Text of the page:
October 23, 2019
Vivek Adarash presented some of our work on new tools Towards Robust Evaluation of LTE Coverage and Quality using Unmanned Aircraft System during a poster session at the Internet Measurement Conference in Amsterdam.
While LTE networks today serve billions of users, rural areas lag behind in coverage availability and quality. In the United States, the Federal Communications Commission (FCC), which regulates mobile broadband, reports increase in LTE availability. However, the most recent FCC Broadband Report was criticized for overstating coverage. These overstatements are due in part to optimistic propagation models, and to cellular provider misrepresentations of coverage. To accurately determine cellular coverage and usability, physical assessments are essential. However, measurement campaigns can be time and resource intensive; more scalable measurement strategies are urgently needed.
To audit provider-reported coverage claims, third parties can undertake independent measurement efforts. For instance, crowdsourced datasets provide signal quality reports over time for a wide range of devices, but these data cluster around major transportation arteries, omitting communities outside of these areas. Alternatively, wardriving campaigns involve physically navigating potentially difficult terrain in remote areas to record on-the-ground measurements. Unfortunately, this method scales poorly due to considerable time and labor requirements.
The availability of low cost, programmable, highly agile unmanned aerial vehicles has spurred interest in employing aerial RF sensing for cellular coverage mapping. Unmanned Aircraft Systems (UAS) enable coverage for large geographic areas, which may be costly, difficult, or impossible to cover on the ground. Extending UAS capabilities could further enable uses for scalable rural cellular coverage mapping as well as post-disaster recovery efforts.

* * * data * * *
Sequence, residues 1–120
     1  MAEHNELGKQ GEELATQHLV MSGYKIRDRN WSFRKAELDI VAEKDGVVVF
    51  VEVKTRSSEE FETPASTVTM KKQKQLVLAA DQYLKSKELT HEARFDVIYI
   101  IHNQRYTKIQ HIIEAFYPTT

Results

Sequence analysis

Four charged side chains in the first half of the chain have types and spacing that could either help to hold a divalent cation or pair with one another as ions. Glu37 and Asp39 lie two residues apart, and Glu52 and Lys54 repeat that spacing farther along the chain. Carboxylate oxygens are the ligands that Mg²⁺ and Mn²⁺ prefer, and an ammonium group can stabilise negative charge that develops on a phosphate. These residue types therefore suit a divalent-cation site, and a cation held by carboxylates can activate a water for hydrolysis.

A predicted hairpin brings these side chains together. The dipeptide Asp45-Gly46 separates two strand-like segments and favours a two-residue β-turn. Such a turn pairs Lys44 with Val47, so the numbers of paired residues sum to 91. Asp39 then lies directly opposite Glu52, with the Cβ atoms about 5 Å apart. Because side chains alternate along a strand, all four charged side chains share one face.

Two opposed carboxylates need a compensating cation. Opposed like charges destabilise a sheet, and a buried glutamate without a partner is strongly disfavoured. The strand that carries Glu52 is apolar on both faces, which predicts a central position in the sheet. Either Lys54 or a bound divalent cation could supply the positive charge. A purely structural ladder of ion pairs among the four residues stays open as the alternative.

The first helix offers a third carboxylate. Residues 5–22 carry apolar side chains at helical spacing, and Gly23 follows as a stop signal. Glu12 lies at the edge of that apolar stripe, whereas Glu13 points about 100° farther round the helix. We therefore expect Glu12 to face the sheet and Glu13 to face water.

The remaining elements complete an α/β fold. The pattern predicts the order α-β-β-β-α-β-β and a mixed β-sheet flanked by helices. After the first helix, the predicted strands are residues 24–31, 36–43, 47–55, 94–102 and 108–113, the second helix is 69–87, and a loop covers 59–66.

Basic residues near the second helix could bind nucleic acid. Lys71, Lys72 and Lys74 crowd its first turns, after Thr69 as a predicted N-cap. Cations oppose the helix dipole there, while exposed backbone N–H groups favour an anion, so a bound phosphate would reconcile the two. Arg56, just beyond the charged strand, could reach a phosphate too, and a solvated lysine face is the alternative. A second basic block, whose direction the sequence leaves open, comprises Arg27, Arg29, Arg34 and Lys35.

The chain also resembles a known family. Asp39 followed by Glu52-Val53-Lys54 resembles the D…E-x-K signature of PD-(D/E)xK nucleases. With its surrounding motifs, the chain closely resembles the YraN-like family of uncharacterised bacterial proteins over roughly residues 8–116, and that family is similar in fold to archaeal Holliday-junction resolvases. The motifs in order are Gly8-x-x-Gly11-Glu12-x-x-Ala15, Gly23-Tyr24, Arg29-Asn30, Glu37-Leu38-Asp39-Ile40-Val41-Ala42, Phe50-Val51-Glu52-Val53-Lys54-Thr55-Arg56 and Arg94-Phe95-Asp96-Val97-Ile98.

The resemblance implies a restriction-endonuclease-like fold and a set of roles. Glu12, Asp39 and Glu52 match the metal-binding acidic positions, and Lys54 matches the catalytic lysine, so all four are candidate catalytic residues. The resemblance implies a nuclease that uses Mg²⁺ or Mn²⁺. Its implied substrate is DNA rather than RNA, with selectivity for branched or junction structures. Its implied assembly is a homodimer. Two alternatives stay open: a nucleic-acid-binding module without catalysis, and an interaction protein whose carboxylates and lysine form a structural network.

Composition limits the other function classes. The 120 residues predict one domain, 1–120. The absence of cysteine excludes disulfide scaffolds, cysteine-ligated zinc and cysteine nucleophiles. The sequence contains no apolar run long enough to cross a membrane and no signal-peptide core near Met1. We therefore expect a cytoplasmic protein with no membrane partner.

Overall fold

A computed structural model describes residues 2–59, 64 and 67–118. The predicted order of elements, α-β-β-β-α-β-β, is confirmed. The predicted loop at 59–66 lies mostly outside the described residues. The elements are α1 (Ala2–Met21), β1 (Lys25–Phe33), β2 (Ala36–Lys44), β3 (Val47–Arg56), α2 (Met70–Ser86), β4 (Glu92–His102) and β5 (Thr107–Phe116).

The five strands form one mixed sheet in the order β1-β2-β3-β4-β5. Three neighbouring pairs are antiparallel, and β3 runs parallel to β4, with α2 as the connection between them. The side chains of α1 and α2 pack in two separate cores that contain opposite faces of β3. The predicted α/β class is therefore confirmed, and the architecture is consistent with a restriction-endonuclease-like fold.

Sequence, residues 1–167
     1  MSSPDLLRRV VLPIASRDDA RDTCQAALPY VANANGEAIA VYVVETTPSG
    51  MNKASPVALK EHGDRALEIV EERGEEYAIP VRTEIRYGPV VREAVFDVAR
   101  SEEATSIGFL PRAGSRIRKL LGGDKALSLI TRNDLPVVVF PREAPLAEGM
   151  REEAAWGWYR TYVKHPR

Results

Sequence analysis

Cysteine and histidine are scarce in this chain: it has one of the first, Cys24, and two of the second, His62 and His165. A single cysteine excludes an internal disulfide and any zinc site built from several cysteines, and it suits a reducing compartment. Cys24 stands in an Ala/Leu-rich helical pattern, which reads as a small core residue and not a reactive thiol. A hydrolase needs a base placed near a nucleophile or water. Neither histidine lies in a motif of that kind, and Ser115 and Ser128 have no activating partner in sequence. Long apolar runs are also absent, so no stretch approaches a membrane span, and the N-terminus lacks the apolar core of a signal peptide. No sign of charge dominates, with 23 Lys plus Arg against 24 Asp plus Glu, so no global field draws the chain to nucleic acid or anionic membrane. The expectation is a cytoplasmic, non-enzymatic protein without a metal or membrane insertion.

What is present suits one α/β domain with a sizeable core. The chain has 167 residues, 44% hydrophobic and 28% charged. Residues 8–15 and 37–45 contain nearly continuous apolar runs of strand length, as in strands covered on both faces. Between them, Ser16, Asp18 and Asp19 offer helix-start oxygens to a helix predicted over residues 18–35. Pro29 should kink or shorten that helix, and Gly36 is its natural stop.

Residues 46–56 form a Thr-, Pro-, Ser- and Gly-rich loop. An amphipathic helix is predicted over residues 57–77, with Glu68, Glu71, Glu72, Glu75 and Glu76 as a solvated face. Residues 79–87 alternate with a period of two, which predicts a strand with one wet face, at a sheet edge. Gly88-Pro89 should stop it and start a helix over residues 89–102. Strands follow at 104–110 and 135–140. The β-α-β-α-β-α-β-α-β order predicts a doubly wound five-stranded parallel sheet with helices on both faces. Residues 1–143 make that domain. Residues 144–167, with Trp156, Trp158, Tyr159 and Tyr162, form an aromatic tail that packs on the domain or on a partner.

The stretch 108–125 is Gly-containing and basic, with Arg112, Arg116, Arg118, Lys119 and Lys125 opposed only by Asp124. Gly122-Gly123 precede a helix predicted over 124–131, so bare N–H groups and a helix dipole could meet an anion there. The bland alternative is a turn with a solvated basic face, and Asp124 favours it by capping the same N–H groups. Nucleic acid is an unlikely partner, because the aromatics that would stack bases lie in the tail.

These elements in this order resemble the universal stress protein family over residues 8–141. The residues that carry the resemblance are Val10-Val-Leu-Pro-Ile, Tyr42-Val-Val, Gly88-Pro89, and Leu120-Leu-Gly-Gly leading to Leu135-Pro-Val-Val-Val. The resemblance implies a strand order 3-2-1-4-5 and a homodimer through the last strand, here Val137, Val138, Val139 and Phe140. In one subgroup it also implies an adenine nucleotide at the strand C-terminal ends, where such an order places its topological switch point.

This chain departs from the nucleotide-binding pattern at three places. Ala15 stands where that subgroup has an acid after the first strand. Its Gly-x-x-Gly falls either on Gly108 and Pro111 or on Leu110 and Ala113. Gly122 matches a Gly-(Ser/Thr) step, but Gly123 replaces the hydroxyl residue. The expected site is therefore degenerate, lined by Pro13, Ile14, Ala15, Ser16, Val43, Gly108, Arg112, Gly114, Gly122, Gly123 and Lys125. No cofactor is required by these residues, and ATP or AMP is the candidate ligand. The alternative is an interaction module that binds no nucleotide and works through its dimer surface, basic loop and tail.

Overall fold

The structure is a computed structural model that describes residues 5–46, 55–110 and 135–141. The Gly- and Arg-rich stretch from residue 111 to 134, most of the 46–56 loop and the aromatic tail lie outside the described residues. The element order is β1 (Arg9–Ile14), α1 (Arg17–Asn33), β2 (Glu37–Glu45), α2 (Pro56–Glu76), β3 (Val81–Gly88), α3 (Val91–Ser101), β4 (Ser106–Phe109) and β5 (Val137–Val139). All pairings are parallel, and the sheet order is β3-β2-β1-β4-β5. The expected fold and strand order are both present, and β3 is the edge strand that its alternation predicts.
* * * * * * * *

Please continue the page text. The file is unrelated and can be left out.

In this study, we collect and analyze ground and air measurements in Rio Arriba county, New Mexico over a period of five days. We assess the accuracy of a low-cost RTL-SDR for sensing LTE signal strength over a wide area through integration with an off-the-shelf UAS. We compare reading accuracy of the UAS with commonly used hardware for ground-based wardriving (i.e. a spectrum analyzer and a USRP). This is the first study that investigates the effect of altitude on signal strength measurements to align ground-level measures with aerial sensing. To compare the signal strength between user equipment (UEs) (i.e. smartphones, tablets, and hotspots) and UASs, we deploy four cellular devices on the ground, each collecting
ground-truth'' measurements from different cellular networks, and compared these measurements over the same geographic area to those collected by the RTL-SDR on the UAS.
Our findings reveal that the low-cost aerial measurement techniques have 72% accuracy relative to the ground readings of user equipment, and fall within one quality gradation 98% of the time. Further, we show that RTL-SDRs can be mounted on a UAS to more rapidly measure coverage across wider geographic regions. Together, our findings offer a detailed look at the efficacy of low-cost, public controlled, aerial coverage and quality sensing.